Kinnaur’s ancient history is shrouded in myth and sparse in fact. Between the 6th century BC and the 6th century AD, the land came under the sway of the Mauryas, Kushanas and Guptas. Local authority, however, often rested with indigenous rulers. It was the Thakur of Kamru who founded the Bushahr state in the 7th-8th centuries AD. Though the region witnessed many battles for supremacy, the rule of the Bushahr was strong enough to withstand Mughal assaults in medieval times. Of the Bushahr rulers, Raja Kehri Singh was, reputedly, the most valiant, while Raja Ram Singh established his capital at Rampur. In the early 19th century, Bushahr capitulated to Gurkha invasions; and it was Ranjit Singh and the British in turn who fought off the intruders. The region consequently came under the influence of the Sikhs and then the British.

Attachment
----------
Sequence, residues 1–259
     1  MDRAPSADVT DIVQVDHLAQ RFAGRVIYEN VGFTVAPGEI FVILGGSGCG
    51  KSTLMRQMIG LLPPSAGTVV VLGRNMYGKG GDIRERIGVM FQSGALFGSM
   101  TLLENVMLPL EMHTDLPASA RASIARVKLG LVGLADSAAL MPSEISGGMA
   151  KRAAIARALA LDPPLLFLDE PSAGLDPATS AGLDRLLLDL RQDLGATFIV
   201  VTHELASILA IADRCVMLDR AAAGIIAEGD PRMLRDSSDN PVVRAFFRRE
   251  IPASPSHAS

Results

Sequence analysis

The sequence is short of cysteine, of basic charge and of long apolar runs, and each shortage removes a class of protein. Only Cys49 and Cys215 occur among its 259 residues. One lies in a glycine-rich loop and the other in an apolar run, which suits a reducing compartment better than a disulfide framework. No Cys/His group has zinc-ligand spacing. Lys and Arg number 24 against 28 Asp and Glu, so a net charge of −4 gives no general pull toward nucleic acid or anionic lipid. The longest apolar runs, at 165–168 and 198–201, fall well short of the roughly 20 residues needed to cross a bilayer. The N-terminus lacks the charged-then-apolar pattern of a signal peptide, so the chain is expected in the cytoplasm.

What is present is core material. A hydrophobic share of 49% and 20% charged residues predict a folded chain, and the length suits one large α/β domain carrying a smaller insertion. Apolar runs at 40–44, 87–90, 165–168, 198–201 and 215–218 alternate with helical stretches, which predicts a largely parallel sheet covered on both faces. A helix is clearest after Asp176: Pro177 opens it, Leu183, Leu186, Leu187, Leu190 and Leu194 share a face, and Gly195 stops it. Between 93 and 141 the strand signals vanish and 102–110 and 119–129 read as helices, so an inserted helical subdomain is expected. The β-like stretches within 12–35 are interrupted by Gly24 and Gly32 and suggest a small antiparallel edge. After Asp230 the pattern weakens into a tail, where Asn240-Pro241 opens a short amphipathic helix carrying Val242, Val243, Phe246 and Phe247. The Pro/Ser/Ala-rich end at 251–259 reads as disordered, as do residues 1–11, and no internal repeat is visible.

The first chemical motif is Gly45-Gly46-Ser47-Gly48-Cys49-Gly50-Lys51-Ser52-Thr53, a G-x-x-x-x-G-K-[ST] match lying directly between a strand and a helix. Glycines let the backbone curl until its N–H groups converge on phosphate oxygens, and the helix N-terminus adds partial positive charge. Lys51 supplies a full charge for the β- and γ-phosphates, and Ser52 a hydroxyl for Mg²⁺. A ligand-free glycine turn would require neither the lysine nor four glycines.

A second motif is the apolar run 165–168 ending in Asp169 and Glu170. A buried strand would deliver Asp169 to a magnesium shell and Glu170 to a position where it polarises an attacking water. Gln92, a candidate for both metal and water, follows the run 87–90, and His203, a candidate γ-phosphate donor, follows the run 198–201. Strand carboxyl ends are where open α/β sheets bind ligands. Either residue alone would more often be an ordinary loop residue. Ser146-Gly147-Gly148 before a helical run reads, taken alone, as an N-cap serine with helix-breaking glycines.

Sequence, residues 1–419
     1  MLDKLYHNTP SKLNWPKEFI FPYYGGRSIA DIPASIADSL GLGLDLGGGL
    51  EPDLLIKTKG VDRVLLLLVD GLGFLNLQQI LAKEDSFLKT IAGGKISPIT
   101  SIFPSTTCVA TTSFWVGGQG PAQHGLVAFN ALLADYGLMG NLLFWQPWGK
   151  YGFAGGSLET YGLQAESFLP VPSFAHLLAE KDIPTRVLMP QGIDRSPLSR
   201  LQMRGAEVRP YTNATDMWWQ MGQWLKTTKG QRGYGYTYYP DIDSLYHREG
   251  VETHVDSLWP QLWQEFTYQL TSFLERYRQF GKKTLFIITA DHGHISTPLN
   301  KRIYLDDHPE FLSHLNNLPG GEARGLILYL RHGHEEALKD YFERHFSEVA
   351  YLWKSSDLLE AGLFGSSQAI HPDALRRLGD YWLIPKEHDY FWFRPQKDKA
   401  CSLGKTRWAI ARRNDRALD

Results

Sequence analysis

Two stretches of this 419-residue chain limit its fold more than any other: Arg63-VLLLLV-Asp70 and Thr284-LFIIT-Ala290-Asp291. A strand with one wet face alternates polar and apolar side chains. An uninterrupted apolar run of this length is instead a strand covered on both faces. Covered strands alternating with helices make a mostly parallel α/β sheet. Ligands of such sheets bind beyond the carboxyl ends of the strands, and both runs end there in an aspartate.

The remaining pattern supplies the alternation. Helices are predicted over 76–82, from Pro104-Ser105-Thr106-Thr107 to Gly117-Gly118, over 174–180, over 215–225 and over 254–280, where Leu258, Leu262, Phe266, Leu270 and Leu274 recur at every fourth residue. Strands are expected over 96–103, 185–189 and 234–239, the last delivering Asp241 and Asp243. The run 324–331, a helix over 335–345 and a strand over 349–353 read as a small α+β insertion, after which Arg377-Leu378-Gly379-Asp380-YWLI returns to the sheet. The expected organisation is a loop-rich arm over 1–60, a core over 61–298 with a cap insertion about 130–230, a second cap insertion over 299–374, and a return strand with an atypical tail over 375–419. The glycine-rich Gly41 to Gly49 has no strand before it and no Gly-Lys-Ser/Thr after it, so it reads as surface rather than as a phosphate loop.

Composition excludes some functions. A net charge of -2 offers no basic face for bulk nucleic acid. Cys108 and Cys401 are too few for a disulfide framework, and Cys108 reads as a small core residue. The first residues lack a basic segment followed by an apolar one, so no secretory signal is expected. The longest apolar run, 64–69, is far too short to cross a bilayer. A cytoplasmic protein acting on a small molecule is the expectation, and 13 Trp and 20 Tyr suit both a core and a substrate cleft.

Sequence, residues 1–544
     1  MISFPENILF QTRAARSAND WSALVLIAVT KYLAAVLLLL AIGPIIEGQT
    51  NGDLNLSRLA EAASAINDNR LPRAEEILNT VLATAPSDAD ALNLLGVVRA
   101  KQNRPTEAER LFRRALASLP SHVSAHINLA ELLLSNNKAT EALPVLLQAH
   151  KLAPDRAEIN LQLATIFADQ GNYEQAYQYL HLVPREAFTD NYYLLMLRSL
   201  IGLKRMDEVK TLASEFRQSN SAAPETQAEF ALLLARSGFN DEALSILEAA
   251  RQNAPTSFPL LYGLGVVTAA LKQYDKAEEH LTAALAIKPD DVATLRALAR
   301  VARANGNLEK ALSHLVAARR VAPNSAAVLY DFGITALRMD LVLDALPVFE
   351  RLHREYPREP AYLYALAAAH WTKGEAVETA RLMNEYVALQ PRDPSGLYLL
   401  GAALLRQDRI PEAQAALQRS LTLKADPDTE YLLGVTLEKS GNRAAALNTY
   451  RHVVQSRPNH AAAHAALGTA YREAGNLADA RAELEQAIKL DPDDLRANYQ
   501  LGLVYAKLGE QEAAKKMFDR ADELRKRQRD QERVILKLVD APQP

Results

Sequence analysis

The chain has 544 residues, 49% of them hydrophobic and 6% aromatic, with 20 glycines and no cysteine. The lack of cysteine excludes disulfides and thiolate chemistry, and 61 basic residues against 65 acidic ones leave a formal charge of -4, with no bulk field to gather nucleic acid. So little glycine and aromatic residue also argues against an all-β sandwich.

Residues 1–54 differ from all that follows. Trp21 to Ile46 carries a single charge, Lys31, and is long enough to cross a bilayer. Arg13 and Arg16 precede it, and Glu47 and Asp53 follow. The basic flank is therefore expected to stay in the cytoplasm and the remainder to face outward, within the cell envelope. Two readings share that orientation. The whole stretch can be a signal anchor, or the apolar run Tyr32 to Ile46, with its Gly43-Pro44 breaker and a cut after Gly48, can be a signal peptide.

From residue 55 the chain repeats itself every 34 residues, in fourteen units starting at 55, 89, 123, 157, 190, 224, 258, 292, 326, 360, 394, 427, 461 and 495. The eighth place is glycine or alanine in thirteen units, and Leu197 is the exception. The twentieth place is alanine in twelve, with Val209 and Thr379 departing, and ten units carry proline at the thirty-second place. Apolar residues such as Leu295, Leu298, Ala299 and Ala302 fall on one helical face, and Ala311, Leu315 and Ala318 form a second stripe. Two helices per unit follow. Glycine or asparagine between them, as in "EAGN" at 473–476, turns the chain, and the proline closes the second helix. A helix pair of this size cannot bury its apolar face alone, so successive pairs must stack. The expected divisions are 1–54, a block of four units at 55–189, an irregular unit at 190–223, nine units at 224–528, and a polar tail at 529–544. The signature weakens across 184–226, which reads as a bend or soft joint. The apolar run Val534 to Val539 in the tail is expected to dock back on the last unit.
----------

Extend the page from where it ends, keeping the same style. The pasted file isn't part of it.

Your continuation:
Except for a revolt in 1857, when Raja Shamsher Singh of Bushahr was part of an alliance of princes against the East India Company, the region, known as Chini tehsil from the late 19th century, remained under British suzerainty until 1947. With Independence, the tehsil became part of Mahasu district, until 1 May 1960, when a reorganisation of borders created what is presently Kinnaur district.